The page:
The latest. Last week I saw my Oncologist/Hematologist. My mouth sores have not really impressed her. So we did not reduce the dosage of my maintenance medications. Just stay on a daily multi-vitamin with B6, zinc and folic acid. And well for this week no mouth sores. I also asked about the long term effect of these meds on my liver and heart. No risk to my heart. And she checks my liver via results from my CBCs. I will have to get more information on how that is done in my next visit. Overall my doctor’s take is she wants to cure me (five years in remission) rather than make me comfortable 😛 However, my white blood cell count last week was a little low, 3.5. She did say if it drops below that, then they will reduce the dosages. Temporarily.
Good news. Now my doctor considers me in 100% remission! She got all of the test results she wanted and they are all clean. Another bone marrow aspirate on October 26th. Sigh. This is getting all to routine.
Off to the Oncology office again today. CBC and Methotrexate shot.
I have been dreaming of making this entry for a while now…
I am in 100% remission. My bone marrow is normal for a person my age with no evidence of leukemia or any other blood cancer! You know, I knew I would cry when I got the results, regardless of what they were. I am so relived. I have so many feelings right now it is really hard to describe.
White Blood Cells: 4.2
Light the Night
Today I had an appointment with my Oncologist/Hematologist. I knew she was going to be putting me back on ATRA. But I did not know we would be starting the continuation round of the chemotherapy (my chemotherapy drug is Idarubicin). Well I checked out healthy (well enough for chemo) so we started it today. The next three days will be the rest of the continuation round.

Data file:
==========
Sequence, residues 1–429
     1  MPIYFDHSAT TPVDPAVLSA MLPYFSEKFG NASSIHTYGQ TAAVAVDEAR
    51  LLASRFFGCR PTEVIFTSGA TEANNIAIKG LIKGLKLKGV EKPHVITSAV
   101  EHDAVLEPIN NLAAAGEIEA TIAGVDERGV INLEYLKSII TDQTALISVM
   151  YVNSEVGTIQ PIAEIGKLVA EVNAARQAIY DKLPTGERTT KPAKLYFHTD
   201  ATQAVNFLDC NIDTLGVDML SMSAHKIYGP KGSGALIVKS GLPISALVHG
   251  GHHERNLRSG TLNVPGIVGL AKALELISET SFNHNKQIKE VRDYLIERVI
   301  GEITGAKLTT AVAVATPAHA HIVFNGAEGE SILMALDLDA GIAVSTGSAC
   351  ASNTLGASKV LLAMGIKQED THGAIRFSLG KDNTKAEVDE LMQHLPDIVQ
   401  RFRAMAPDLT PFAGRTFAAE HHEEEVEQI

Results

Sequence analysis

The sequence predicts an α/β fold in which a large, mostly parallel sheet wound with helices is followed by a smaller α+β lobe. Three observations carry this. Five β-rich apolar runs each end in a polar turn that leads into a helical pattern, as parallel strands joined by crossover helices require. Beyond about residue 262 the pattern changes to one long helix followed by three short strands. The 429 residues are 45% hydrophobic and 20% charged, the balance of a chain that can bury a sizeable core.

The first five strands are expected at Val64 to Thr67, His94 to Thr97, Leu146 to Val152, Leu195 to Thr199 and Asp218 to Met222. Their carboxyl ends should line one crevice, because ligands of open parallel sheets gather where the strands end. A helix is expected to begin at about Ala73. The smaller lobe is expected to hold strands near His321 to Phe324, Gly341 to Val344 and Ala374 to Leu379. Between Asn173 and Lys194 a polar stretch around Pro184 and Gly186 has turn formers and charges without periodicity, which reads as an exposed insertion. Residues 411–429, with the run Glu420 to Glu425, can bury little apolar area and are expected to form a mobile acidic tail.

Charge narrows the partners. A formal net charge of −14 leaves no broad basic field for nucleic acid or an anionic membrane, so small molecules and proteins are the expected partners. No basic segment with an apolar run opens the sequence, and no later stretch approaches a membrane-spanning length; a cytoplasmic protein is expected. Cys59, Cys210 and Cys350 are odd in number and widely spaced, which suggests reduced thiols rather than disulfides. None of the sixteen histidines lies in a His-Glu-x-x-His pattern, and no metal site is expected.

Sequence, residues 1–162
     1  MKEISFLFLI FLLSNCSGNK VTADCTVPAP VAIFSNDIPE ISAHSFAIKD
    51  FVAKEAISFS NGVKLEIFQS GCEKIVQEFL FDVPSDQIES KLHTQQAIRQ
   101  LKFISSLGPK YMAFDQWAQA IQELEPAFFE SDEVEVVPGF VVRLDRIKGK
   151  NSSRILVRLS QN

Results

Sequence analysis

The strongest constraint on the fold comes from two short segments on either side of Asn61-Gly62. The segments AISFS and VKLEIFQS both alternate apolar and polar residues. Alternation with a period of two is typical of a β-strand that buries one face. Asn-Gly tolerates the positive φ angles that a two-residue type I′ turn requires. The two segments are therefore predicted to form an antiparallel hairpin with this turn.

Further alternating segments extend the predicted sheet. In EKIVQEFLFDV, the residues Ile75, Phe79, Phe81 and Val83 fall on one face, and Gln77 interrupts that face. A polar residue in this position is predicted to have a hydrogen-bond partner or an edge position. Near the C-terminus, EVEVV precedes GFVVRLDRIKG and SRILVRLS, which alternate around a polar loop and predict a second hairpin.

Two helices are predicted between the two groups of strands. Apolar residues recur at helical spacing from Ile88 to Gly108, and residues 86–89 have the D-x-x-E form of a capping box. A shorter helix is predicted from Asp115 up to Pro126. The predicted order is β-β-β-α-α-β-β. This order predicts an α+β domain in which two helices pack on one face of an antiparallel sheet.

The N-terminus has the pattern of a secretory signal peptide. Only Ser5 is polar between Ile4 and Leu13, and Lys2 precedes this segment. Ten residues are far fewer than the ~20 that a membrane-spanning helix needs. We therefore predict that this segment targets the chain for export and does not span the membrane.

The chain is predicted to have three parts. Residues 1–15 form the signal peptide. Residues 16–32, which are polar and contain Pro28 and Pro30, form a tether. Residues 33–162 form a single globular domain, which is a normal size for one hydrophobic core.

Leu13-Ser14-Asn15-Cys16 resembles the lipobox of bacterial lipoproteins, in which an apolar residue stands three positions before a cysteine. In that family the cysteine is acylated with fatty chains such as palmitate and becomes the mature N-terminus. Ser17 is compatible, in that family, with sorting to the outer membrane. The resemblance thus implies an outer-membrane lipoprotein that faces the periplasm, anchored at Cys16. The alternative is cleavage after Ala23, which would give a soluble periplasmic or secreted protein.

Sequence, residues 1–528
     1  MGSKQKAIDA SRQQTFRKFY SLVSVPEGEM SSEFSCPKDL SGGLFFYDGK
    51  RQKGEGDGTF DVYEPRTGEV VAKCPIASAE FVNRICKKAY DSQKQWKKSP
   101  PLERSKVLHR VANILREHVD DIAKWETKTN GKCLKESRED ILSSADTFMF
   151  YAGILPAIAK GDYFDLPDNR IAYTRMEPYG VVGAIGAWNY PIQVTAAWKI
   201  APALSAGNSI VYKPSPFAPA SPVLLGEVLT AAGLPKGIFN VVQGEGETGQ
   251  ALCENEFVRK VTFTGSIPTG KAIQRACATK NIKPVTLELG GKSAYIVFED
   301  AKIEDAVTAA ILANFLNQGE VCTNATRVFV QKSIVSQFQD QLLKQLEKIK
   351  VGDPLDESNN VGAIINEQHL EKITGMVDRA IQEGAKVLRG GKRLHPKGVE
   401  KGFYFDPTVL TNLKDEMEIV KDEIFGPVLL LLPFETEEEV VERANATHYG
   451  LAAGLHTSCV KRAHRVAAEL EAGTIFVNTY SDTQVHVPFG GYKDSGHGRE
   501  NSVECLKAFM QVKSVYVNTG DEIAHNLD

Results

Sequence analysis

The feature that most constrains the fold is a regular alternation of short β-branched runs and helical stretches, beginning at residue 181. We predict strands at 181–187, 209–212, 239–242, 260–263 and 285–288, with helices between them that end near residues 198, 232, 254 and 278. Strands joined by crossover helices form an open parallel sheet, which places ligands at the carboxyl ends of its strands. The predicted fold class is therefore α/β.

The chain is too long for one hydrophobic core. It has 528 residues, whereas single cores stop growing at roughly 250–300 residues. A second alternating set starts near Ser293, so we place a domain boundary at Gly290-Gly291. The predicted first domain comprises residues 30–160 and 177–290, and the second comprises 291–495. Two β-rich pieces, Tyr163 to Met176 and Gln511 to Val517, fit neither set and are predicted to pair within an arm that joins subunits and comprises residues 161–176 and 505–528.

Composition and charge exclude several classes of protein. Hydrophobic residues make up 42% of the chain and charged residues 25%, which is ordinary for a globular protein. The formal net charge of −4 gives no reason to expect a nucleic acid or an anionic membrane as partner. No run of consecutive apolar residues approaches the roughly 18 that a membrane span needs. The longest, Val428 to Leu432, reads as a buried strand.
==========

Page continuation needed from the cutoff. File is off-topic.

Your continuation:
I have been talking to my body and this time we are only going to kill off the leukemic cells. I am going to remain an outpatient. Meaning, no infections, no fever and no need for blood transfusions. Needless to say, I need all the help I can get. So I ask again. If you are the praying kind or the karma good thought kind, I will take your support. Why? Because I am selfish. I am young, I have a life to live, I have a young daughter to raise. I want 100% remission. I thank you for any prayers or kind thoughts.
A couple of weeks ago, my mother-in-law said “leukemia or any cancer for that matter is not for sissies”. I would extend that to any major disease (cancer, MS, lupus, heart disease, etc.) In all my hospital stays and doctors visits I have seen other patients fighting. In my book, anyone at any age, actively fighting a major disease is strong. Whether or not they survive is immaterial, they are still strong. You have to be strong mentally, physically and spiritually to fight a major disease. The day I went through my last bone marrow aspirate without morphine or sedation and then went and did physical therapy 15 minutes later, I gave myself the title “Bad MF” for the day (if you do not know what MF stands for, don?t worry about it.) I figure anyone that can do that, is strong, very strong. I am not boasting, on days like that, I surprise myself. I credit my God and my faith in God. I credit your prayers and kind words and thoughts. Again thank you.
Today I was introduced to a new site, Planet Cancer. It was started by a cancer patient that felt most cancer information is directed at pediatric and geriatric patients. This site is for the rest of us. It?s honest, dark and humorous, sometimes all at the same time. Seriously, in fighting cancer, there are so many battles, the treatment is a long journey (heck I am only in day 39, two years lie ahead of me), you have got to have some levity about the situation to get through it all.
I was admitted to the hospital on Friday, April 1, 2005. I was discharged on Saturday, April 30, 2005. They told me it would be about a month. Talk about accuracy. It feels really good to ride in a car, to be at home, to hug my daughter…
My status is that, I am hematologically in remission. Molecularly I still have leukemia.
In two weeks I start my second round of chemotherapy. This time, as an outpatient.
I am pretty much at the height of the affects of the chemotherapy: neutropenic (no immune system), weak, tired and nagging aches and pains. In the next 48 hours I might start new cell growth. That means I will start feeling better. Until then I intend to lay low and rest. This means I might not be on for instant messages and might not update this blog for a few days. But I am still here resting, getting better, putting this thing into remission 🙂